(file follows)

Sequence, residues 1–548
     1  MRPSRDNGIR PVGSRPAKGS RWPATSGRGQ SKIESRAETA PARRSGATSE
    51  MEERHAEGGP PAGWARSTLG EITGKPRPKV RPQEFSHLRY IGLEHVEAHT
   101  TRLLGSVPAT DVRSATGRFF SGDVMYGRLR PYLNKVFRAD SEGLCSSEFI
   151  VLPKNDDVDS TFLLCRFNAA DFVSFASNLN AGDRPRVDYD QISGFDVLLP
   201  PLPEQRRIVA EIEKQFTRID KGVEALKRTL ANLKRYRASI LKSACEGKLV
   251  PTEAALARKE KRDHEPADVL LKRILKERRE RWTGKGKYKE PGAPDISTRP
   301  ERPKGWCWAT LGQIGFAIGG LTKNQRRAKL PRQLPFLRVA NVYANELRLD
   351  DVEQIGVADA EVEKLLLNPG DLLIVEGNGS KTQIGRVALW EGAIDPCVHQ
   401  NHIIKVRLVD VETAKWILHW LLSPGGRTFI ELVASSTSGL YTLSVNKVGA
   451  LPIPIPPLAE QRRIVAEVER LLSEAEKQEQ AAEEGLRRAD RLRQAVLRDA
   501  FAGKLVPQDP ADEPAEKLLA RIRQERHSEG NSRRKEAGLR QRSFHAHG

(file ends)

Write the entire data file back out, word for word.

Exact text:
Sequence, residues 1–548
     1  MRPSRDNGIR PVGSRPAKGS RWPATSGRGQ SKIESRAETA PARRSGATSE
    51  MEERHAEGGP PAGWARSTLG EITGKPRPKV RPQEFSHLRY IGLEHVEAHT
   101  TRLLGSVPAT DVRSATGRFF SGDVMYGRLR PYLNKVFRAD SEGLCSSEFI
   151  VLPKNDDVDS TFLLCRFNAA DFVSFASNLN AGDRPRVDYD QISGFDVLLP
   201  PLPEQRRIVA EIEKQFTRID KGVEALKRTL ANLKRYRASI LKSACEGKLV
   251  PTEAALARKE KRDHEPADVL LKRILKERRE RWTGKGKYKE PGAPDISTRP
   301  ERPKGWCWAT LGQIGFAIGG LTKNQRRAKL PRQLPFLRVA NVYANELRLD
   351  DVEQIGVADA EVEKLLLNPG DLLIVEGNGS KTQIGRVALW EGAIDPCVHQ
   401  NHIIKVRLVD VETAKWILHW LLSPGGRTFI ELVASSTSGL YTLSVNKVGA
   451  LPIPIPPLAE QRRIVAEVER LLSEAEKQEQ AAEEGLRRAD RLRQAVLRDA
   501  FAGKLVPQDP ADEPAEKLLA RIRQERHSEG NSRRKEAGLR QRSFHAHG